Bill Gates Paid $10 Billion in Taxes but He Says He Should’ve Paid More

Gates shared in an "Ask Me Anything" session on Reddit.
  • Microsoft founder Bill Gates hosted his seventh Reddit “Ask Me Anything” on Feb. 25.
  • The thread covered topics ranging from taxes to education to climate change.
  • Gates is currently worth close to $100 billion.

Did you know Bill Gates has a trampoline room? Neither did Reddit users until Gates himself admitted it during his seventh Reddit “Ask Me Anything” on Feb. 25. The Microsoft founder fielded dozens of questions from users, ranging from questions on finances to education.

Here are some of the key questions and takeaways from Gates’ AMA. Entrepreneurs and burgeoning billionaires might want to take note of how one of the richest men around views the world.

Don’t Miss: 6 Genius Money Tips from Billionaire Bill Gates

Should Billionaires Pay More Taxes?

Gates certainly thinks so.

“I think our system can be a lot more progressive (that is richer people paying a higher share),” he wrote in a Reddit post. “A key element is making capital gains taxation more like ordinary income (some have suggested making them the same) and having an estate tax more like we had in the past (55 percent above $3.5 million). … So yes, I have paid $10 billion, but I should have had to pay more on my capital gains.”

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Gates’ net worth is $98 billion as of Feb. 28, according to Forbes, so anyone who’s worth significantly less than that should be pretty on board.

But Consider: Why a 70% Tax Rate on the Rich Wouldn’t Work, According to a Wealth Expert

Can Money Buy Happiness?

“Yes,” Gates wrote. “I don’t have to think about health costs or college costs. Being free from worry about financial things is a real blessing. Of course you don’t need a billion to get to that point. We do need to reduce the cost growth in these areas so they are accessible to everyone.”

Check Out: Warren Buffett Measures Success With This Four-Letter Word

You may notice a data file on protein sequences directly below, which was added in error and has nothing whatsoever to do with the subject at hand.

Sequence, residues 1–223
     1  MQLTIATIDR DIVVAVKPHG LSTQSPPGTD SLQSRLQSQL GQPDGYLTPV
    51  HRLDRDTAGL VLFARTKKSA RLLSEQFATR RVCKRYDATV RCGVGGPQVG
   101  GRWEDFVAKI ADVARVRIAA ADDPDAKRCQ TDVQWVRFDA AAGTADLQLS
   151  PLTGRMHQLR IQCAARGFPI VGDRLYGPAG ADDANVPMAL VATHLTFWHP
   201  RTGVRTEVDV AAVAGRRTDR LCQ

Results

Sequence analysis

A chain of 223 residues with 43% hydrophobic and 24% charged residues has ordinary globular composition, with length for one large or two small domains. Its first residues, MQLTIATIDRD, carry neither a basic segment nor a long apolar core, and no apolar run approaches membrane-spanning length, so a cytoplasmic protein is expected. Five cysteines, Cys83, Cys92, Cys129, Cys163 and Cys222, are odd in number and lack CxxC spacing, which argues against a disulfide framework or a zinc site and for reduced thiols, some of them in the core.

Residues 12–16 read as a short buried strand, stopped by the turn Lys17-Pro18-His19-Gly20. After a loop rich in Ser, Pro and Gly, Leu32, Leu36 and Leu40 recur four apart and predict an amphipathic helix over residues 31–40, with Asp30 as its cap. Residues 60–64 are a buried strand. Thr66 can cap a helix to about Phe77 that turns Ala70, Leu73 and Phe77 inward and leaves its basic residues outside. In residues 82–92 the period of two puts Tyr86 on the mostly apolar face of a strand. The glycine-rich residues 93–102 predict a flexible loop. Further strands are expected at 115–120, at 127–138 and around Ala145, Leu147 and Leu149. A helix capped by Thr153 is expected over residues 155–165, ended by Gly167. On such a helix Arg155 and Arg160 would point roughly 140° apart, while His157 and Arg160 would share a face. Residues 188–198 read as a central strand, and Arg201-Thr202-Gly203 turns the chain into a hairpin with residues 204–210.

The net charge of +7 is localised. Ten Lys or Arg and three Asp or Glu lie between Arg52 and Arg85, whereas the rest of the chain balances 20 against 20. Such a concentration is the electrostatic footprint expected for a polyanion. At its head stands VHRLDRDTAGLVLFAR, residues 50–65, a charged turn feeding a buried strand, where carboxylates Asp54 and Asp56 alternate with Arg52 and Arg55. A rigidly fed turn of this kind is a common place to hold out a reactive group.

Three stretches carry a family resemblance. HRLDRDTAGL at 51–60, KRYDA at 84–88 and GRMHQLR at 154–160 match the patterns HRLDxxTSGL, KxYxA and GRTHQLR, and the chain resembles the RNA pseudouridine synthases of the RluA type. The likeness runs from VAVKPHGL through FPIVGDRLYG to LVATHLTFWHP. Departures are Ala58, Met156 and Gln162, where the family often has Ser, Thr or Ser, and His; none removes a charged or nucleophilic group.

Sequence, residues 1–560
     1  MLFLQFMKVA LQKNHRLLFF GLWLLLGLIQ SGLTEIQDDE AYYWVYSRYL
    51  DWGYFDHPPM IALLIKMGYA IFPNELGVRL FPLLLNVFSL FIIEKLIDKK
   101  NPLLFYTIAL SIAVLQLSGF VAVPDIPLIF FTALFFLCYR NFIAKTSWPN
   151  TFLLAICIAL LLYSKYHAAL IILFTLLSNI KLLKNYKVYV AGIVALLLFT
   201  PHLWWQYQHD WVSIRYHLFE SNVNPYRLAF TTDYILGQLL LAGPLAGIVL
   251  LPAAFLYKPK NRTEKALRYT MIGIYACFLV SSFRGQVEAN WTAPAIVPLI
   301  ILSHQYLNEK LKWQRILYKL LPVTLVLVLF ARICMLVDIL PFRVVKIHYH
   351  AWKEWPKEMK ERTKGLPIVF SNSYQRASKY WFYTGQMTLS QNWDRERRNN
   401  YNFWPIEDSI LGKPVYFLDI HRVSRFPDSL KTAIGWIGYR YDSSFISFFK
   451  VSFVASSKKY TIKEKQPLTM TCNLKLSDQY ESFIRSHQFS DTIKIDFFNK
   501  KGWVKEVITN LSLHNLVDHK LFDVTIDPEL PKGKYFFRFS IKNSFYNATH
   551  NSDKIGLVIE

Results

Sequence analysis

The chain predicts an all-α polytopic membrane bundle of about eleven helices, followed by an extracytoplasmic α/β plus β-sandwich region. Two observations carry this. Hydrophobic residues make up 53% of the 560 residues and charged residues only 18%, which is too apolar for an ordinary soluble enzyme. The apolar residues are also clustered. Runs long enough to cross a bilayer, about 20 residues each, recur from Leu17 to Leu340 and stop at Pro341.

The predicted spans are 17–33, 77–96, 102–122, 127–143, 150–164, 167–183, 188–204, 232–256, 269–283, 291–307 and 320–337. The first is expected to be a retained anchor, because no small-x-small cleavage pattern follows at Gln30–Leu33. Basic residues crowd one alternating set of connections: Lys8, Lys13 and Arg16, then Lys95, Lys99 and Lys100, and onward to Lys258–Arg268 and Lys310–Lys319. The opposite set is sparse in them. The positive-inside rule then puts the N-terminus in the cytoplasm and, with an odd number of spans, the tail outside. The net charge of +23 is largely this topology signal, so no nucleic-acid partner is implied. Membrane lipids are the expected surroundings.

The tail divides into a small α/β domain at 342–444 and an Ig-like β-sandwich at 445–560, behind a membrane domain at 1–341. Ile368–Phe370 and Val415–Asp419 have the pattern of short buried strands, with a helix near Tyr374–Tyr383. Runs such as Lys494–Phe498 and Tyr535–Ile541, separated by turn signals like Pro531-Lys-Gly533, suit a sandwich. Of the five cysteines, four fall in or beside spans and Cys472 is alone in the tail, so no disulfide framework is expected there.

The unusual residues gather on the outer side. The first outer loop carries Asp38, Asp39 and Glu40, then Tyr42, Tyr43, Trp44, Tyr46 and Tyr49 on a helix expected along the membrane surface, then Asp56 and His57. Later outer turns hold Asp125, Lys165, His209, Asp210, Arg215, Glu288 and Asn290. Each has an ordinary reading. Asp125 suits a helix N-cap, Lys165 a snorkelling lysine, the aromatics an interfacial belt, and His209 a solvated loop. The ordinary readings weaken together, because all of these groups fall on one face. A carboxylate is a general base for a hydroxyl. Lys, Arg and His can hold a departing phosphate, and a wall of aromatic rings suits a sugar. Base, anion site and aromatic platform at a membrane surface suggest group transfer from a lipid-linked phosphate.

What Advice Would Gates Give His Younger Self?

“I would try and make myself more self-aware without getting rid of the focus and desire to learn,” Gates wrote, noting that in his youth he was “intense and socially inept.”

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Related: Not Having These 8 Networking Skills Will Cost You

Are Online Courses the Future of Education?

Gates said that online courses are an aid for both students and teachers, but “so far that material hasn’t helped reduce dropout rates from high school or college by engaging students in a better way.”

“Our foundation funds a lot of new work in this area, so I am hopeful that it will make a difference,” he added.

Check Out: 20 States That Put Education First

What Is the Biggest Threat to Humanity Right Now?

The Bill Gates AMA even covered a hot topic with global implications:

“The biggest question is global cooperation to avoid climate change and reduce the risk of war. It is disconcerting to see a rise of countries turning inwards and not investing in alliances which have helped us avoid big wars since World War II.

“Climate change is a real test of how we can work together globally since it is a complex problem where major changes need to be done well in advance of the big harms.”

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Also See: How Climate Change Will Affect Your Investment Opportunities

What Do Rich People Spend Their Money On?

Sports cars, caviar and private tropical islands are cool, but have you ever devoted an entire room of your house to just bouncing?

“[My house] includes a trampoline room, which seems kind of over the top, but my kids love using it to work off their excess energy,” wrote Gates. “I am not sure how guilty I should feel about being in a great house.”

However much guilt Gates feels is likely lost in the rush of bouncing in the air. He also mentioned a private jet, which aids him in his work with the Bill & Melinda Gates Foundation, but that was mentioned after the trampoline room.

Keep reading to see the 10 ways Bill Gates built his massive fortune.

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About the Author

Sean Dennison

Sean joined the GOBankingRates team in 2018, bringing with him several years of experience with both military and collegiate writing and editing experience. Sean’s first foray into writing happened when he enlisted in the Marines, with the occupational specialty of combat correspondent. He covered military affairs both in garrison and internationally when he deployed to Afghanistan. After finishing his enlistment, he completed his BA in English at UC Berkeley, eventually moving to Southern California.

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